To the delight of Farid and his colleagues, their rejection was reversed by Foreign Secretary Dominic Raab and they began their wait for a place on what the translators have dubbed their ‘Freedom Flights’ to the UK.
Farid is one of dozens of former translators whose cases were finally — belatedly — approved, but he’s left wondering if they’ll ever set foot on British soil.
Others are still waiting to find out if they, too, are eligible, red tape tightening like a noose as each hour passes. Many have already been rejected.
Among them is Ahmad, 33, a former frontline interpreter. He was told he qualified for relocation, and was placed on standby for a flight. He sold everything, including his home, but was left ‘heartbroken’ last week to find his case blocked by the Home Office on grounds of national security.
Ahmad, a father-of-three, told me yesterday: ‘There was no explanation, no justification and now I am at real risk because of my work. I am being left behind, so my only chance is to ask people smugglers for help to reach Europe.’
Then there are the 1,010 translators who had their contracts ‘terminated’ without right of appeal.
No fired translator was considered for relocation even if they claimed they were Taliban targets. But under pressure from the Mail and the Sulha Alliance, which helps Afghan workers for the UK, Mr Wallace — a former soldier who has done more to enable Afghans to relocate than any of his predecessors — recently relaxed the policy so those dismissed for ‘minor offences’ qualify.
British ambassador Sir Laurie Bristow was working hard at Kabul airport yesterday, clearing the backlog of outstanding appeals. Pictured: Taliban fighters are seen on the back of a vehicle in Kabul, Afghanistan
They are men like Shaffy, 32, who worked for six years with the British, three of which were spent with senior officers and visiting politicians such as David Cameron.
I met him in Kabul eight years ago, since when we have pushed in vain for his case to be reopened, the Ministry of Defence insisting he was terminated for a serious offence involving sexual threats to a female officer.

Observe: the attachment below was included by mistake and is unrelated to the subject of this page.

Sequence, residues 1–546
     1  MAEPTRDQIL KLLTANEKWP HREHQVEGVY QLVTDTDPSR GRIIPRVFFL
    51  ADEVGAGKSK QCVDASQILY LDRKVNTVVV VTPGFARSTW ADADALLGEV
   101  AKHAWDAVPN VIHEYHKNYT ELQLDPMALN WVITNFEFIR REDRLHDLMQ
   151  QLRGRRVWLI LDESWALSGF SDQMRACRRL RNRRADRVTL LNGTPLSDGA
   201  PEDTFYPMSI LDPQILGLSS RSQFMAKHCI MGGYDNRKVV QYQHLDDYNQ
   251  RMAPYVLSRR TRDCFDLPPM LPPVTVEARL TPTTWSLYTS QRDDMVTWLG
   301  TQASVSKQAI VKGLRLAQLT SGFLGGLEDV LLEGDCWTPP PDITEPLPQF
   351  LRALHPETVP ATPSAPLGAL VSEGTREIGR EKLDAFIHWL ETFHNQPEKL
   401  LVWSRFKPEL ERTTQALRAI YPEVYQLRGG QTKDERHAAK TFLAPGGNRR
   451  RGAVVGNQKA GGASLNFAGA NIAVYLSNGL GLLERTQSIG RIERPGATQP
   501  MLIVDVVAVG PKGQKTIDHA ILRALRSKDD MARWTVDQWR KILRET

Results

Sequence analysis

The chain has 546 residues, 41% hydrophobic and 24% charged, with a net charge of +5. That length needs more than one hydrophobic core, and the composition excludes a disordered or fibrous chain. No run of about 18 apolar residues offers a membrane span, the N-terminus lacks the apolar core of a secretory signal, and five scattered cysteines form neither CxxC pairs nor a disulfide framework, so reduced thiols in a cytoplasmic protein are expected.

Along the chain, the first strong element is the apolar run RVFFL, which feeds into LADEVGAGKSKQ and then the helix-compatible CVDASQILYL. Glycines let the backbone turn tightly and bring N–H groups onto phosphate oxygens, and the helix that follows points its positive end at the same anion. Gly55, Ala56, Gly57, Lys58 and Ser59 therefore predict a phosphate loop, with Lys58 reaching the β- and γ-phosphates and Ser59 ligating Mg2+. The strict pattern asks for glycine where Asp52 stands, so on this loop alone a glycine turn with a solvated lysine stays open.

But investigations by retired Major General Charlie Herbert, a former Helmand commander, who spoke with those involved, including the woman officer, have raised new questions about the case. Mr Herbert says Shaffy may have ‘suffered a significant miscarriage of justice’.
Shaffy, a father-of-four, said yesterday: ‘I am an innocent man who has suffered because of a massive injustice that may cost my life.’
There are many more cases which have worried me. The MoD said it had dismissed Latif Hottak, 36, for providing false test results for Afghan soldiers in January 2011. But we were able to find records showing he was still being paid 17 months later — proving he had not been terminated, and so should not have been denied safe passage to the UK.
Both cases highlight the frustrations of translators that some find out about their terminations only after applying for relocation.
The onus in most cases has been on the interpreter to provide new evidence without being allowed to see what the accusations against them are. Often, they are asked to provide documents they’d been told to destroy as they would show they had worked for the British.
Let’s be clear: had the mean-spirited, narrow, inflexible policy been more generous earlier, many of those scrambling for flights or for their cases to be approved would already be safe in the UK.
When our Betrayal Of The Brave campaign was launched in 2015, only those who were on the frontline and had been made redundant got the chance of relocation.
This year alone seven Coalition interpreters have been murdered — one beheaded — while it is estimated more than 350 have been killed since 2014. Pictured: Afghan Taliban fighters are seen in Kabul
But with years of the Mail’s relentless pressure, which has often been embarrassing to the Government — we highlighted, for example, the murder of ex-translator Parwiz Khan on the doorstep of his home at a time when ministers were playing down the dangers — policy has softened.